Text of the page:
Inspired by Stephen Wolfram's work on cellular automata in the early 1980s, there was a surge of interest in applied use of CA algorithms. Before interest petered out after about a decade, quite a lot of articles were published demonstrating how CA (usually 1-D, binary) could be used for pseudorandom sequence generation, error-correcting codes, cryptography, FSM testing, signal processing, and a bunch of other stuff. These articles were generally just mathematical sketches, though, and there is little code that you could dig up to look at.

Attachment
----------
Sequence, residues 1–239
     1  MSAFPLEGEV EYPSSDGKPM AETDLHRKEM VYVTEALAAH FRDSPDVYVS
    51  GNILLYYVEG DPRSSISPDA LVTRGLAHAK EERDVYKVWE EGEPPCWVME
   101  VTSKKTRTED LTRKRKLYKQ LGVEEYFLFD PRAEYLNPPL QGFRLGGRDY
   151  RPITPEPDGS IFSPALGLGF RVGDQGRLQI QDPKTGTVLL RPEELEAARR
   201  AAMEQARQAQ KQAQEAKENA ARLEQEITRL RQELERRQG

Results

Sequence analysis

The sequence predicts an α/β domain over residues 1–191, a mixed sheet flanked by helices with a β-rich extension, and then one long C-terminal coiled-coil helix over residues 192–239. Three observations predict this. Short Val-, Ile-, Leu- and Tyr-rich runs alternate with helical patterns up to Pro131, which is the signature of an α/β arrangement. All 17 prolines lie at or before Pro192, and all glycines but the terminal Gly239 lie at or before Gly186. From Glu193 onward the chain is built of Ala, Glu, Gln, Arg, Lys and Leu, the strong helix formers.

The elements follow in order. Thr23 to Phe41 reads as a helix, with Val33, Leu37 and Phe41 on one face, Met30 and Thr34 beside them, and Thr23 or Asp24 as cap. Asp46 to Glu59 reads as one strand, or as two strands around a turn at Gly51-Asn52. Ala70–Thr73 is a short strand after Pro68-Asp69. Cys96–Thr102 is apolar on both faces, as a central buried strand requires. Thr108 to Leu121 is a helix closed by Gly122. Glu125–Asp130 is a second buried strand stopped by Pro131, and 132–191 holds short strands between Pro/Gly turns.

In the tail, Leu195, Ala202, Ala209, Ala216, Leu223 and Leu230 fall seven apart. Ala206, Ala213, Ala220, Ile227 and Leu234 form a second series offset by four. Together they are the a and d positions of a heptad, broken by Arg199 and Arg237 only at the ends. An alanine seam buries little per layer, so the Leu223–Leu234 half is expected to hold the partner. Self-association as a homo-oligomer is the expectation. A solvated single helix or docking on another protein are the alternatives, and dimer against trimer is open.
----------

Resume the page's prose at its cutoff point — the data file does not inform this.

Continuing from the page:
If you want examples that do something practical but are still small and easy to understand, I'd suggest random number generators. CA-based crypto systems dropped out of sight because they were found to be insecure and computationally inefficient. The simplicity of implementing RNGs, though, seems to have made them popular for hobby projects and I have seen several.
You said you aren't interested in simulations, but if you want to see CA used in a significant real-world application, look into traffic flow simulation. This is probably the area in which CA methods have come the closest to being accepted as a useful tool. Check out chapter 13 in the recent book, Traffic Flow Dynamics: Data, Models and Simulation.